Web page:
WordReference Random House Unabridged Dictionary of American English © 2017
in•jec•tor  (in jektər),USA pronunciation n. 
  1. a person or thing that injects.
  2. Mechanical Engineering[Mach.]
    • a device for injecting feedwater into a boiler against high pressure by means of a jet of steam.
    • AutomotiveAlso called  fuel injector. a mechanism consisting of a pump, valves, and nozzles for spraying fuel into the cylinders of an internal-combustion engine.
  • inject + -or2 1735–45

WordReference Random House Learner's Dictionary of American English © 2017
in•ject /ɪnˈdʒɛkt/USA pronunciation   v. 
  1. Medicineto force (a fluid) into a part of the body with a special needle: [+ object + into + object]The nurse injected the drug into the patient.[+ object + with + object]She injected the patient with the drug.
  2. to introduce (something different):[+ object + into + object]The host tried to inject some humor into the situation.
  3. to interject (a remark, etc.), as into conversation:[+ object]had remarks that he wished to inject at that moment.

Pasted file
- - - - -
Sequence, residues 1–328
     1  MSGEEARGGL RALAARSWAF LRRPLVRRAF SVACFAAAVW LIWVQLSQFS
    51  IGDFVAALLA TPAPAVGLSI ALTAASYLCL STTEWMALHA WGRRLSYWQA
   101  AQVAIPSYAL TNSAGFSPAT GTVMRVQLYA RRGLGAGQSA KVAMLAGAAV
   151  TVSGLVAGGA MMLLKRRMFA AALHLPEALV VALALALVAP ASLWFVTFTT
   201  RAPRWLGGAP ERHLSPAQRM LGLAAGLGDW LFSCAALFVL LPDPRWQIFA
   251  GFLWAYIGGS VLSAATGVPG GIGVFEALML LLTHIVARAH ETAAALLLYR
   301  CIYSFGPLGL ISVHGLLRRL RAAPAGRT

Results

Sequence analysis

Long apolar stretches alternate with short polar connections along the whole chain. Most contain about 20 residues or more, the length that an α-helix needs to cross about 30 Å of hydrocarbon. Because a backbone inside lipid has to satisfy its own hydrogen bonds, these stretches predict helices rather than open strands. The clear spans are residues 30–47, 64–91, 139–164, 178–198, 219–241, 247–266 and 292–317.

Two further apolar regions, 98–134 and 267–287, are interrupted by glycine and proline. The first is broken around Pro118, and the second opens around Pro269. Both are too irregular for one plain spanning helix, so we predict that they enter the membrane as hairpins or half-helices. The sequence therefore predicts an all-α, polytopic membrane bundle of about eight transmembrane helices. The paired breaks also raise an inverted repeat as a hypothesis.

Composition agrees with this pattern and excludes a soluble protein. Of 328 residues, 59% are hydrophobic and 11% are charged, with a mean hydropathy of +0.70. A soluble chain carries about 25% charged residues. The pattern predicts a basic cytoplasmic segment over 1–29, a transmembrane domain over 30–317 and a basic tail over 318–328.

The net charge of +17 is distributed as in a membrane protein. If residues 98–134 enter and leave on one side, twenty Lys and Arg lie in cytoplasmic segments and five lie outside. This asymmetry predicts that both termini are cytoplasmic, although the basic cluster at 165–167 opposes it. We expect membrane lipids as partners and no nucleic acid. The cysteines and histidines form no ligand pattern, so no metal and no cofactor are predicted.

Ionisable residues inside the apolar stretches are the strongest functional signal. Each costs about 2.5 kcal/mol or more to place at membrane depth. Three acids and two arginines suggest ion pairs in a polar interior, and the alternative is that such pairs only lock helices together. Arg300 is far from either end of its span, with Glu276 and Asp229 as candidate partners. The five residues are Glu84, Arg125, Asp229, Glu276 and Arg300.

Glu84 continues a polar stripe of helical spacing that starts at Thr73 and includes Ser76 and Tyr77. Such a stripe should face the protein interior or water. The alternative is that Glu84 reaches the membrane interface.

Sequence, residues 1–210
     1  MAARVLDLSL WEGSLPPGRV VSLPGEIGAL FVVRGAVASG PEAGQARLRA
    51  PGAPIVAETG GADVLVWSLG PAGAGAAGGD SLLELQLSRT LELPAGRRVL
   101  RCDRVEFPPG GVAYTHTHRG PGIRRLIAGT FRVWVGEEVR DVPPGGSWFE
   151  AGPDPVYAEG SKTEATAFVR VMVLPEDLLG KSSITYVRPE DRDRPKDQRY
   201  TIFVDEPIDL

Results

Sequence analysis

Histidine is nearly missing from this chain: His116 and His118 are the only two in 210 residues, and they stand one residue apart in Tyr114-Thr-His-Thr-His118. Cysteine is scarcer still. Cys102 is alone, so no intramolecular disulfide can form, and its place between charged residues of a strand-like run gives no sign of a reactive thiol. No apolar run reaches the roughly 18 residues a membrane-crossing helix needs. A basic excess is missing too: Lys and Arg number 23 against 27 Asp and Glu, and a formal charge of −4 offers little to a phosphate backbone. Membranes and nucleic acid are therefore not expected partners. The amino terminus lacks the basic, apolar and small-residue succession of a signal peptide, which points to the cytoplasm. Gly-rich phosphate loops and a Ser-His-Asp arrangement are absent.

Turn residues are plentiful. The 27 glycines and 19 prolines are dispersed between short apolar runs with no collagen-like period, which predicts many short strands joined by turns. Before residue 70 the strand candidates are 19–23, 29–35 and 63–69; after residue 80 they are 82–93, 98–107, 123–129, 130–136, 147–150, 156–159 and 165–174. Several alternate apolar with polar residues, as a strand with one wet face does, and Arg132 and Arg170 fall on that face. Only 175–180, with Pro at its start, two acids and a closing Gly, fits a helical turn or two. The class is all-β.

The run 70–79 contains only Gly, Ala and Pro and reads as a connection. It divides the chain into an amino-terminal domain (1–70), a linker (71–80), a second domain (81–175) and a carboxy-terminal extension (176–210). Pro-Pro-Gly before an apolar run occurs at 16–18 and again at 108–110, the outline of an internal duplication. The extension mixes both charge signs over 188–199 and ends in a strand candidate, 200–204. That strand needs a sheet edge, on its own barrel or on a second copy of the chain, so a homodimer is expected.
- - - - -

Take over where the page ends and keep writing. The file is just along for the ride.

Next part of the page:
in•jec•tor, n. [countable]See -jec-.

WordReference Random House Unabridged Dictionary of American English © 2017
in•ject  (in jekt),USA pronunciation v.t. 
  1. Medicineto force (a fluid) into a passage, cavity, or tissue:to inject a medicine into the veins.
  2. to introduce (something new or different):to inject humor into a situation.
  3. to introduce arbitrarily or inappropriately;
  4. to interject (a remark, suggestion, etc.), as into conversation.
  • Latin injectus past participle of in(j)icere to throw in, equivalent. to in- in-2 + -jec- (combining form of jac- throw) + -tus past participle suffix
  • 1590–1600

  • Medicine(in prescriptions) an injection.
    • Latin injectiō

    'injector' also found in these entries:

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